Execution paths 83a and 83b illustrate alternative sortless execution paths that obtain data specified in the query from different indices having redundant orderings, for example the index 30 and the concatenated index described with respect to step 46 of FIG. 3B, respectively. For example, the execution path 83a reads the key values of the index entries from the B-tree index 30 in step 84a, and the execution path 83b reads the key values of the index entries from the concatenated index in step 84b. Although the indexes have redundant orderings with respect to the specified query, each index may have different costs associated with accessing the index. Hence, the cost-based optimizer evaluates the respective costs for accessing different indexes in order to obtain the lowest-cost execution path.
After reading the key values satisfying the query selection criterion from the respective indexes, the execution paths 83a and 83b each retrieve the matching key entries in step 86, and perform the specified sort plus operation without sorting in step 88. After the sort plus operation is performed in step 88, each execution path 83a and 83b returns the query result in step 70.
As shown in FIG. 4, once the optimizer determines the alternative sortless sort plus execution paths in step 74, the optimizer determines the respective costs of the sortless sort plus execution paths in step 90, including determining the access costs in step 90a, determining in step 90b the costs associated with performing the sort plus operation in steps 82 or 88, and determining the overall execution costs for each execution path based upon the respective access costs and sort plus operation costs. After the overall execution costs have been determined for each of the alternative execution paths, the cost-based optimizer selects in step 92 the execution path based on the overall cost. The selected execution path is then executed in step 94 by the server.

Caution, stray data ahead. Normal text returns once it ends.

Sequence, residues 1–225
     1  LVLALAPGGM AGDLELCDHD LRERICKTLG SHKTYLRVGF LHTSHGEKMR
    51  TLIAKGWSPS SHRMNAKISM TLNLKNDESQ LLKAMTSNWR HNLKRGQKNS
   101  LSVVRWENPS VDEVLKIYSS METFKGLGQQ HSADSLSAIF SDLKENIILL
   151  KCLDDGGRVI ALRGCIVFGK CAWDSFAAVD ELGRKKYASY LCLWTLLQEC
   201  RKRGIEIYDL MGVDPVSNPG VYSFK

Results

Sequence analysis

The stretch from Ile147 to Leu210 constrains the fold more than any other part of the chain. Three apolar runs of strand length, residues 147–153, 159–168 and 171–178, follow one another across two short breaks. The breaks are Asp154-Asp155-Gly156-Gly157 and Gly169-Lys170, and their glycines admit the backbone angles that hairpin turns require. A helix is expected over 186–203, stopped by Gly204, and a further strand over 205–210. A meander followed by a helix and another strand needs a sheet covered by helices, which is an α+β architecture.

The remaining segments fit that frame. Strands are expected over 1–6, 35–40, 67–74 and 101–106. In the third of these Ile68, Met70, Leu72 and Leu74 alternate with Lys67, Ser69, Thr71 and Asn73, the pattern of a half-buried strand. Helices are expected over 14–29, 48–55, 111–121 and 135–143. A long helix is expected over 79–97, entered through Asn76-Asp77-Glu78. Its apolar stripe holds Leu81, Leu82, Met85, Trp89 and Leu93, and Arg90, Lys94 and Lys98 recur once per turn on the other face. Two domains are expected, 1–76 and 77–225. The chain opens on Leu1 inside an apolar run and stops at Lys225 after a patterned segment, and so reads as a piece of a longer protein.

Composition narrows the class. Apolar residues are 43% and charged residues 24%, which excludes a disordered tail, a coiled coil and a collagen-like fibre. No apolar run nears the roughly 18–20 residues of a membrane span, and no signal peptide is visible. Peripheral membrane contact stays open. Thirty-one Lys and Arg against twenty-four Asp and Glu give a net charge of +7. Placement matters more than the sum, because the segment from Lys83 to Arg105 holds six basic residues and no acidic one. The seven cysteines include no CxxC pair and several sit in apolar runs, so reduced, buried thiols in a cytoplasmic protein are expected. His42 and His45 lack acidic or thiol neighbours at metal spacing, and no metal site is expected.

According to the present invention, alternative query execution paths are provided in which sorts do not need to be performed. Hence, a cost-based optimizer is able to select an execution path that avoids sorting operations on presorted data. Although the disclosed operations have been described with respect to "group by" and "distinct" operations as examples of sort plus operations, the above-described techniques apply to all sort plus operations.
In addition, various alternative execution paths may be selected based on data having various levels of sorting. For example, a plurality of indices having multidimensional ordering (e.g., concatenated indexes) may be available, where a specified query may use any one of a number of different orderings to satisfy the query.
In the foregoing specification, the invention has been described with reference to specific embodiments thereof. It will, however, be evident that various modifications and changes may be made thereto without departing from the broader spirit and scope of the invention. The specification and drawings are, accordingly, to be regarded in an illustrative rather than restrictive sense.
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|U.S. Classification||1/1, 707/999.002, 707/999.004, 707/999.006, 707/999.003, 707/999.005, 707/999.001, 707/999.007|
|Cooperative Classification||Y10S707/99934, Y10S707/99933, Y10S707/99936, Y10S707/99931, Y10S707/99953, Y10S707/99935, Y10S707/99932, Y10S707/99937, G06F17/30454|
|Feb 28, 1997||AS||Assignment|
Owner name: ORACLE CORPORATION, CALIFORNIA
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Owner name: ORACLE INTERNATIONAL CORPORATION, CALIFORNIA